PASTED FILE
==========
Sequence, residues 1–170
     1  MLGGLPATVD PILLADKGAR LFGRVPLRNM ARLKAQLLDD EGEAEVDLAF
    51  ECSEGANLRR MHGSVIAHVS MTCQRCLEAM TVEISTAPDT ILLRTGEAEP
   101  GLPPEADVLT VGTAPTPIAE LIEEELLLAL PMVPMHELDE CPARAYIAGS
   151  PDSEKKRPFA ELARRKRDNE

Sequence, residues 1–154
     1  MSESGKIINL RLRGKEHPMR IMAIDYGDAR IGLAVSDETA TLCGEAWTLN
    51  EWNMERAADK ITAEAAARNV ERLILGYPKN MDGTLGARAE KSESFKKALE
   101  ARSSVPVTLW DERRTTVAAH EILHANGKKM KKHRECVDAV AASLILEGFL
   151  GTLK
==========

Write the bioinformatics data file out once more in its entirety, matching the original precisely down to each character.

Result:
Sequence, residues 1–170
     1  MLGGLPATVD PILLADKGAR LFGRVPLRNM ARLKAQLLDD EGEAEVDLAF
    51  ECSEGANLRR MHGSVIAHVS MTCQRCLEAM TVEISTAPDT ILLRTGEAEP
   101  GLPPEADVLT VGTAPTPIAE LIEEELLLAL PMVPMHELDE CPARAYIAGS
   151  PDSEKKRPFA ELARRKRDNE

Sequence, residues 1–154
     1  MSESGKIINL RLRGKEHPMR IMAIDYGDAR IGLAVSDETA TLCGEAWTLN
    51  EWNMERAADK ITAEAAARNV ERLILGYPKN MDGTLGARAE KSESFKKALE
   101  ARSSVPVTLW DERRTTVAAH EILHANGKKM KKHRECVDAV AASLILEGFL
   151  GTLK